Saturday, July 13, 2013

Busy, Busy Week :-) With The Hookers

Thursday was spent with the Miramichi rug Hookers. Our guild was invited down to Bonar Law Common, in Rexton, NB. There was 13 of us in total, 4 cars we taken as we convoyed to Rexton. It was lunch time when we arrived so we stopped by a restaurant for lunch. It was very nice & the view was that of the harbour. Marg, the organizer to the guild, had the best looking cheeseburger deluxe that any of us had ever seen. She was speechless & if you know Marg, that speaks volumes! LOL 
 Marg with her cheeseburger, it was a two hander - she ate it top with meat patty, then bottom with meat patty! We all ate away from our diet rituals that afternoon. I had fish & chips, it too was very good. I had fish & chips the night before too as Jean & Theodore treated to supper in the Baie. I love fish & chips out east & eat them when I can.

 We filled the window wall & had a wonderful lunch.

Then it was off to Bonar Law's homestead for an afternoon of hooking in the kitchen with other hookers from the area.

 In the museum part I took these photos. This hooked rug of a ship really caught my eye.
The baby walker, which is extinct today was on display. It brought back memories of the days when my babies were placed inside the plastic ones in the 70's & would happily play as I did cooking or did the housework. Then the Jolly Jumper was the place to 'put them' as them would bounce & swing as I got things done. 

 The museum was made up of donated items
 I loved the New Brunswick plaid background for the tall ship in the case.
 Old paintings that showed ships sailing...

 And ships docked.
 Bust of Andrew Bonar Law.

 These two little beauties were our house guides & made the visit very pleasurable. You could tell they just love their summer job & taught me loads before I'll show & tell you what  they shared.
 And a time to hook! The young ladies said that this is the most people that the kitchen has held this year.
 Donna holds for display, a rug from the floor for me to photograph, thanks Donna.

The parlour in the Law's home.

Andrew Bonar Law was the only Canadian born Prime Minister of Great Britain. I did not know that fact till that day!

This is the homestead of Bonar Law, we're in the area that has the ramp going up to it.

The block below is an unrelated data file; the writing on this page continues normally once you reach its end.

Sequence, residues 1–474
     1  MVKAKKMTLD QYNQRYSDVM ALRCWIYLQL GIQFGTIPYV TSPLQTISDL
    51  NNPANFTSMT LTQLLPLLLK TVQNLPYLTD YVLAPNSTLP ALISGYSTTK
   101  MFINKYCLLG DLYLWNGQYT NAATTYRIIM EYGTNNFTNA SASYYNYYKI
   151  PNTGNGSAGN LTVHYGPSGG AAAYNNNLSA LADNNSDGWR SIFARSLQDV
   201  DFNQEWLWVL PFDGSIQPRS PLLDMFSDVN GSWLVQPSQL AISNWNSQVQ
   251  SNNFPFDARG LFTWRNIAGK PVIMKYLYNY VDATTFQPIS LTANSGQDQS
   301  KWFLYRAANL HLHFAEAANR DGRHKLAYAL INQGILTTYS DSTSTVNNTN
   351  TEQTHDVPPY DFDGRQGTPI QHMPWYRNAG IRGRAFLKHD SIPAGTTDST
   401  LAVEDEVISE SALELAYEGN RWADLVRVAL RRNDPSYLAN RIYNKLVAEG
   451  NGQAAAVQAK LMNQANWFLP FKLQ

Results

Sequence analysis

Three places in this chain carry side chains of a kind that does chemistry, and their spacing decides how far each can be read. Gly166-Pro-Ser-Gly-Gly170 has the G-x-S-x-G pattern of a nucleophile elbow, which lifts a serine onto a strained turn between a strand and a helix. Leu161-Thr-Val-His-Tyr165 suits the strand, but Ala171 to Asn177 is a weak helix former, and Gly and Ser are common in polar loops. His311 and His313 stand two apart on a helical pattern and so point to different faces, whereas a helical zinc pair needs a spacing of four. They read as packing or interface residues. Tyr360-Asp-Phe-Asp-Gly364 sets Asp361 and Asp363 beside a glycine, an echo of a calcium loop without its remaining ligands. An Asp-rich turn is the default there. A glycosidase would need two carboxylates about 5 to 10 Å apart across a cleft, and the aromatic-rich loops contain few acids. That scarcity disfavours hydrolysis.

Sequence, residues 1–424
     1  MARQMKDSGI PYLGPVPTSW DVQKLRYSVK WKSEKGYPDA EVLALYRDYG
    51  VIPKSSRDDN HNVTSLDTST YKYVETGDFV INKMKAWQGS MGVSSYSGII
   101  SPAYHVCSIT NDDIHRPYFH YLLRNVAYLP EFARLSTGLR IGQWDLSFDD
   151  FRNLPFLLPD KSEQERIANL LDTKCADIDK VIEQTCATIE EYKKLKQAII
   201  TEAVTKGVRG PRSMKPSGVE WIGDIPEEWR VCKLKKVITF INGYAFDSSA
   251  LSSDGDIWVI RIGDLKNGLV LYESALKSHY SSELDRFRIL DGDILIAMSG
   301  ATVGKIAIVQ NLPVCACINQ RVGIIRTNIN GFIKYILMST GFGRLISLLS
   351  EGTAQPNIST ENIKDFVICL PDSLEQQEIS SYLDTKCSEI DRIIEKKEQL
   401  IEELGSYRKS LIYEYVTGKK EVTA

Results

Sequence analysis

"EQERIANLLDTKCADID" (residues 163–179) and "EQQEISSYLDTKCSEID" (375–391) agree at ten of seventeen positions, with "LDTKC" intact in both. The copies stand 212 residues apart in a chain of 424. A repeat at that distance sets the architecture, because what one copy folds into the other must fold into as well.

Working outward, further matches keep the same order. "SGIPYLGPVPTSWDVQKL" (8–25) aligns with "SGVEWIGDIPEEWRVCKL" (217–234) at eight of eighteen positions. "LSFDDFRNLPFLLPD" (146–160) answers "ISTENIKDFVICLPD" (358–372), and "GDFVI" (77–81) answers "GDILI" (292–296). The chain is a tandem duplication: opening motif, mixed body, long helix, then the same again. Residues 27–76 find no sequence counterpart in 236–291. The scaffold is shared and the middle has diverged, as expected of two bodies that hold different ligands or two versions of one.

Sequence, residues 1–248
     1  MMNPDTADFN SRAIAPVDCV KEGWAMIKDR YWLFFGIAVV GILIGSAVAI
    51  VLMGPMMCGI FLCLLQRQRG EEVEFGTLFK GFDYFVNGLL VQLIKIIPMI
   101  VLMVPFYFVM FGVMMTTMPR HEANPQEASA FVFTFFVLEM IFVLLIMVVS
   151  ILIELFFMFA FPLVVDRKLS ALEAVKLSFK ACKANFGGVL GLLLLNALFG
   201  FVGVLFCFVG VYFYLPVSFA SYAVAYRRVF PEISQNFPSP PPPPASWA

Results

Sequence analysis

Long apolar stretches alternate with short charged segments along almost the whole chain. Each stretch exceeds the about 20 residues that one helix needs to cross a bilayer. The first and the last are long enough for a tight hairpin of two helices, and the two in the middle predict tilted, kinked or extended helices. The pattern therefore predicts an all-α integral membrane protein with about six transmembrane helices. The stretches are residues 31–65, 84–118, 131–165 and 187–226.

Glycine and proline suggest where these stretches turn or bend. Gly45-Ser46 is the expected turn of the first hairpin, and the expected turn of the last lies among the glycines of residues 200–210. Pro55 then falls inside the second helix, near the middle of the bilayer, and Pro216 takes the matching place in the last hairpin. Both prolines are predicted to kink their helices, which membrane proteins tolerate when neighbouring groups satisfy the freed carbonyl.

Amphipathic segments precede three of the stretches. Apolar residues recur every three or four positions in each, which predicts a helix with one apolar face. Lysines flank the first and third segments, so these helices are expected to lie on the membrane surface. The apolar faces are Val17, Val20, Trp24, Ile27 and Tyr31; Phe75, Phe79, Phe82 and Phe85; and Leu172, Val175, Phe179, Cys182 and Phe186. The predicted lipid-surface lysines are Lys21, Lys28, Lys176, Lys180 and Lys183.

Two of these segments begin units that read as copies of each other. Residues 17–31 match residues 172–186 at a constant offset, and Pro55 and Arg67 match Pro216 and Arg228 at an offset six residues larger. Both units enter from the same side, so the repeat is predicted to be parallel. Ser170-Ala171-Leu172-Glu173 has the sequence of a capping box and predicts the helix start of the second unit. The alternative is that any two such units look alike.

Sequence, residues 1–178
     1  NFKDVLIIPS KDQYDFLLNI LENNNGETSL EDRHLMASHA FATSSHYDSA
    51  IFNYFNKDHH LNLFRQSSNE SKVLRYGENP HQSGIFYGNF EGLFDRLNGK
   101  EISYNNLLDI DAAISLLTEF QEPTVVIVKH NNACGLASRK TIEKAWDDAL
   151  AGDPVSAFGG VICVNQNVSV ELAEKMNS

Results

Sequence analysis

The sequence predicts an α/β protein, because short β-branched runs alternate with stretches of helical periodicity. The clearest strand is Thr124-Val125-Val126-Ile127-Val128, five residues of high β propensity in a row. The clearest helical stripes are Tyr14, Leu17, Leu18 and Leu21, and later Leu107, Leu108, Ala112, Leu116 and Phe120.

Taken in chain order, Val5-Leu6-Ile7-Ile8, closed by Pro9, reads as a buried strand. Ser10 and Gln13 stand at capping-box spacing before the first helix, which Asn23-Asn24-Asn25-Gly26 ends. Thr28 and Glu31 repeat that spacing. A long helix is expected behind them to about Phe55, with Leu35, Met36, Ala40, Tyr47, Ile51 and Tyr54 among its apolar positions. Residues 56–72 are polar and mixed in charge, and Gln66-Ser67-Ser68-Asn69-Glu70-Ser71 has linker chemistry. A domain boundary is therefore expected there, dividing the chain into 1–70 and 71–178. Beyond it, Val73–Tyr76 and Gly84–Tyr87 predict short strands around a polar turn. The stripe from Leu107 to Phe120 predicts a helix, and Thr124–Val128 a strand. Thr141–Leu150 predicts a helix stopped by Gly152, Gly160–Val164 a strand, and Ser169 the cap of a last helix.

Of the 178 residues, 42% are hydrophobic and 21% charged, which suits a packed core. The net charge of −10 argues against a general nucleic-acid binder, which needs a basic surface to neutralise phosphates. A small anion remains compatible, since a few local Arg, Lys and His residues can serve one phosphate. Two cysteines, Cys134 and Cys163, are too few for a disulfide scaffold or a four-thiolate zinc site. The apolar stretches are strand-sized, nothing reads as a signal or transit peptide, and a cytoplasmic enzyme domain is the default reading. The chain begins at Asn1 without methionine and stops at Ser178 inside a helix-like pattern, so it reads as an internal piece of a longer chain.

I did a walk about the property & took different angles of the house.

It really reminded me of the Anne of Green Gables home on PEI. That's a lilac bush in the front, it must look beautiful in the spring when it's in bloom.

The room had every chair filled!

Rug hookers from around the area came & showed what they were working on. I took my nearly completed Stoneware Horse rug. So close to completion, I really have to focus, then I'll have only the edge to whip stitch.
My neighbour Marva, smile & be a Happy Hooker. LOL

The room was just buzzing with chatter & laughter

These are pics from the summer kitchen. I just LOVE the blue/white canisters, oh I'd love to get me those for my cottage pantry!
The grey colour reminds me of the kitchen in the Eldon House in London. The era is around the the same time, 1850's - give or take a couple of years.
Oh the gadgets that were used, the hand beater looks familiar to what I used as a girl to 'whip' things up.

This is Marg's cat rug & boy is she getting it done quickly. Her husband bought it for her on their Boston trip last month.
And...there were kittens in the barn! Just like Marg's rug! Here are the three little kittens sound a sleep on top of the barrel.
This was the runt, so cute. Bill would not be happy with me if I took a pair home with me, maybe next year. There's always kittens in the barn.

The little runt was the only one awake, as the rest of the litter slept.

He entertained himself...
pouncing on things & playing. I really wanted to cuddle that one!

Back to the house tour...

In the barn outside, we were entertained with tea & strawberry scones or apple crisp...all homemade of course!
The young waiters served a happy bunch of rug hookers.
It was a wonderful afternoon, I wish we had more time there to take in more of the day, it was great!
I'm jumping because my photos are everywhere through this blog. This is the museum, our 1st stop on the grounds.
Another view of the museum, look at the boat, would it not look at home in my great room!

The afternoon was one that I hope takes place again before the summer is done.

Rev. James Law's parlour(Andres's father) see the green gathered basket under the table with the pitcher? That's were the Reverend would put his paper waste from his sermons that he would conduct on that room.
An elegant room for that era, there's few original pieces of furniture & most pieces have come from Fredericton.
The girls in the parlour, so helpful with information on the house & the Law family.

Doesn't this look great, it's a tradition design with a modern twist with the use of colour - I'm thinking about doing something similar, just love it!